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Showing posts from November, 2012

Fimo and Fabric Craft

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Last Friday, I started the fantastic Christmas Projects class offered by Judith. We're going to be making a variety of buttons, brooches, and fun fabric crafts over the course of 4 weeks, and I'm already having a blast! We started off kneading, molding, and rolling out Fimo to create little flowers, hearts, and Christmas trees, among other things. It was like being a kid again, messing around with play dough, as you can see from the photo Judith posted! The difference with Fimo though is that, once baked, it hardens, meaning these little shapes can then be used as buttons, pendants, and card decorations. Here's a selection of mine...
I'm hoping to use these to make little barrettes and necklaces for my nieces this Christmas. They love jewelry and hair accessories, so I think these would go down a treat!

We also got to make good use of the shreds of fabric and thread left over after a big quilting project. You know the ones - they're usually too small and scrappy to s…

It's Alive!!

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Much like the Creature assembled by its namesake, Victor Frankenstein, Frankenblanket has slowly but surely taken shape over the past several months in my first (and possibly only!) EPP experiment. Truthfully, I'm being a bit ungenerous in calling this quilt 'Frankenblanket', as Sarah pointed out. The various fabric scraps I scavenged to create the flowers that form the focal point of the quilt actually blended really well together and, unlike Frankenstein's hideous and misunderstood monster, produced a really stunning quilt, if I do say so myself!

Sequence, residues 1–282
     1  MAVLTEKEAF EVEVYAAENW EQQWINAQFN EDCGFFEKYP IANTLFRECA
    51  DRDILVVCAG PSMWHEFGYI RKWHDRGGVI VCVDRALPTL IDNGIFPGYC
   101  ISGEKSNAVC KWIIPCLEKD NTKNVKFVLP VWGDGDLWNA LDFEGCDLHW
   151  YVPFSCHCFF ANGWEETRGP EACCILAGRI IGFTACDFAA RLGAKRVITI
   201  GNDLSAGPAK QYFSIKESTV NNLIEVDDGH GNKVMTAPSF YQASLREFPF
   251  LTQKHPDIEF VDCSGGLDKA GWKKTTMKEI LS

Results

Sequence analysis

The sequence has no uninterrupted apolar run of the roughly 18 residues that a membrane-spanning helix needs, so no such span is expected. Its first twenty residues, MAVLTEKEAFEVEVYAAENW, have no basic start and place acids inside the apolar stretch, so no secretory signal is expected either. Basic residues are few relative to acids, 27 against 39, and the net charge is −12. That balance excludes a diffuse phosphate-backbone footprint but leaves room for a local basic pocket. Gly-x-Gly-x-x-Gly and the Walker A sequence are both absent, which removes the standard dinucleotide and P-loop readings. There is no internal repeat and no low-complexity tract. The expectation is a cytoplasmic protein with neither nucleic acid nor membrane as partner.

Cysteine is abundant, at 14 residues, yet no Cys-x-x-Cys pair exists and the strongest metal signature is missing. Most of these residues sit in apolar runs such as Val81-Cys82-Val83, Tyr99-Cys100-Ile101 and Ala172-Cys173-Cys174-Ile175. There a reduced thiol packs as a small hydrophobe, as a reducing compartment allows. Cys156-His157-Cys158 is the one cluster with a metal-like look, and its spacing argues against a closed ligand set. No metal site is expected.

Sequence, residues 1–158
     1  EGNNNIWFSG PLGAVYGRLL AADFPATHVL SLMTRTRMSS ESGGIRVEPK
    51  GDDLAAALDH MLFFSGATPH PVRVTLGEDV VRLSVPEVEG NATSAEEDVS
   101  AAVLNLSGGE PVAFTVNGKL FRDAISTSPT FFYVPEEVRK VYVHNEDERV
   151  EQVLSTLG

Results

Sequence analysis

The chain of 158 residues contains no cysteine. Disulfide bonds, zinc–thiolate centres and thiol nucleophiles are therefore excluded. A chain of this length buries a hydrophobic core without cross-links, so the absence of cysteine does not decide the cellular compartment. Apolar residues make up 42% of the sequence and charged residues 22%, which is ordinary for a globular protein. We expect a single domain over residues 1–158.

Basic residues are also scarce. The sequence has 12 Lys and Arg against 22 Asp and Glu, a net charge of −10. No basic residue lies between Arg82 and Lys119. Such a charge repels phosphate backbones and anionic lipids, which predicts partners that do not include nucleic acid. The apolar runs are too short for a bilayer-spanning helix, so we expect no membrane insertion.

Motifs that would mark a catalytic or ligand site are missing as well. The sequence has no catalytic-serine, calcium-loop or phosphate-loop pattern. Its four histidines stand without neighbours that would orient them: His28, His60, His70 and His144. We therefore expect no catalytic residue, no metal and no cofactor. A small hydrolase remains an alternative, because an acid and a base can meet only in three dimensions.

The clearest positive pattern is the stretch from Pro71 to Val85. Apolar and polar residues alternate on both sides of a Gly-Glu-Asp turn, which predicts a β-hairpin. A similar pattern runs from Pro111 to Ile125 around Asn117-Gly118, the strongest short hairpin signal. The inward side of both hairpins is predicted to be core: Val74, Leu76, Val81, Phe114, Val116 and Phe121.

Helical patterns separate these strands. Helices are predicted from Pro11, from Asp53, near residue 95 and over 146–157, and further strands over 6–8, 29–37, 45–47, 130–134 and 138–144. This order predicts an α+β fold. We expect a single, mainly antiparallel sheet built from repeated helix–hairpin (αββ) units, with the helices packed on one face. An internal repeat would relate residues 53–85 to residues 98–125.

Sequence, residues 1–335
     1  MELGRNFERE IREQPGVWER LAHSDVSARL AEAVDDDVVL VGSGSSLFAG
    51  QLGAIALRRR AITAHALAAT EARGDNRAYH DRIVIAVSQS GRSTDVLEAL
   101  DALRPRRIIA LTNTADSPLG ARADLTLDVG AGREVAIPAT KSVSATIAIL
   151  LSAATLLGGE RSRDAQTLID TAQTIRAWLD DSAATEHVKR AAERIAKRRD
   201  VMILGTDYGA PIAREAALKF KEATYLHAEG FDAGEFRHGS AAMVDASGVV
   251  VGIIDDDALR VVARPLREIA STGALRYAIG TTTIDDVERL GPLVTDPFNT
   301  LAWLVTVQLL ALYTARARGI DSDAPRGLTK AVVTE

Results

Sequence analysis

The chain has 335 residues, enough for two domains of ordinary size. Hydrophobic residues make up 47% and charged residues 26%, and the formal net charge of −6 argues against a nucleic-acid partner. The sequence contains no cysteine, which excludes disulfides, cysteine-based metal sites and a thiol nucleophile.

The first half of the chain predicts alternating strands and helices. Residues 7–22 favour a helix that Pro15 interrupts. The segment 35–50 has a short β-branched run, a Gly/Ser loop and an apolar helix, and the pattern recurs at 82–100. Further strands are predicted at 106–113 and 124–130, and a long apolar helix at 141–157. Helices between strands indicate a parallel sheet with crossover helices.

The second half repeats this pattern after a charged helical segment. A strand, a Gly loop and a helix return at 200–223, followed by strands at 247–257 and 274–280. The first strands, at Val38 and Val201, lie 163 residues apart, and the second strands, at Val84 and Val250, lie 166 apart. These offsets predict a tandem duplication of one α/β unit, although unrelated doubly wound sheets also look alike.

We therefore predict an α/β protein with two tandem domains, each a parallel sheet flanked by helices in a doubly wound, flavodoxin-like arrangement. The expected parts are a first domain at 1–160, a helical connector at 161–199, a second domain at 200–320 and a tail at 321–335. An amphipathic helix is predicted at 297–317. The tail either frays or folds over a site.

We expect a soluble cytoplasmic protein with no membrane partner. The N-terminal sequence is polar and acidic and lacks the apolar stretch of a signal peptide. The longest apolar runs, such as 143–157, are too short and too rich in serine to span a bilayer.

In other ways, though, the Frankenstein comparison remains apt. Like Victor, I dedicated a lot of time, effort, and study to this particular project, with no promise of success. At least, that's the way it seemed! And that's not to mention the pints of blood, sweat, and tears I poured into this predominantly hand-wrought baby quilt. I'm speaking metaphorically in the case of the former but completely literally in …

Happy Thanksgiving!!

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This is what I wish I was eating right now! (Yes, even at this early hour of the morning!) But, alas, it's just another workday here, and a particularly busy one at that. Nevertheless, hubby has promised me (a non-Thanksgiving) dinner when I get home from work tonight and has already been instructed to take out the pumpkin pie I made a while back and froze for just this occasion. Can't ask for more than that, especially as pumpkin pie is my favourite part of Thanksgiving anyway! Sadly, I suspect he won't be joining me in my pumpkin pie feast. Every time I've made pumpkin pie here in Ireland and Northern Ireland, in fact, I've generally found people rather hesitant about it, primarily, it seems, because they associate pumpkins with savoury dishes. I'm willing to admit that the cinnamon and clove spiked pumpkin custard that fills the pie shell might be an acquired taste - one that can seem foreign and strange if you haven't grown up with it. But they say the …

All my bags are packed

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This weekend was pretty much all about Baby H! After months and months of research, several interesting trips to Mothercare, and a subscription to Which magazine, we finally managed to buy our pram. (You might guess that hubby was largely in charge of this!) The model we ended up with is perfect for our needs - it fits into our narrow front door and hallway; it collapses with only one hand; and it folds down to next to nothing to fit in the boot of our tiny little car. No mean feat living up to all of those demands! It's now assembled and waiting expectantly in the hallway until we might need it. Just having it there makes me feel a bit more prepared, as does knowing that my hospital bag is similarly sorted. There's still a lengthy list of things to do, but that didn't stop me spending the weekend singing, in my best John Denver imitation, 'All my bags are packed; I'm ready to go...'! 

I'm hoping that I'll get to see this gorgeous stripe-y quilt equally …